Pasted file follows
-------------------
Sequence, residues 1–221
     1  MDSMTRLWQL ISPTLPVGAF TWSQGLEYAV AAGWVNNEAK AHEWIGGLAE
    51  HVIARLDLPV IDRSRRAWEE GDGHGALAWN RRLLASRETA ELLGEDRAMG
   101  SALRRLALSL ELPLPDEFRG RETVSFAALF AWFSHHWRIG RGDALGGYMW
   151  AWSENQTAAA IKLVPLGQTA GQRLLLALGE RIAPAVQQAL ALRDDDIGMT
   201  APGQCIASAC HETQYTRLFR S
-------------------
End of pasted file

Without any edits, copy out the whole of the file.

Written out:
Sequence, residues 1–221
     1  MDSMTRLWQL ISPTLPVGAF TWSQGLEYAV AAGWVNNEAK AHEWIGGLAE
    51  HVIARLDLPV IDRSRRAWEE GDGHGALAWN RRLLASRETA ELLGEDRAMG
   101  SALRRLALSL ELPLPDEFRG RETVSFAALF AWFSHHWRIG RGDALGGYMW
   151  AWSENQTAAA IKLVPLGQTA GQRLLLALGE RIAPAVQQAL ALRDDDIGMT
   201  APGQCIASAC HETQYTRLFR S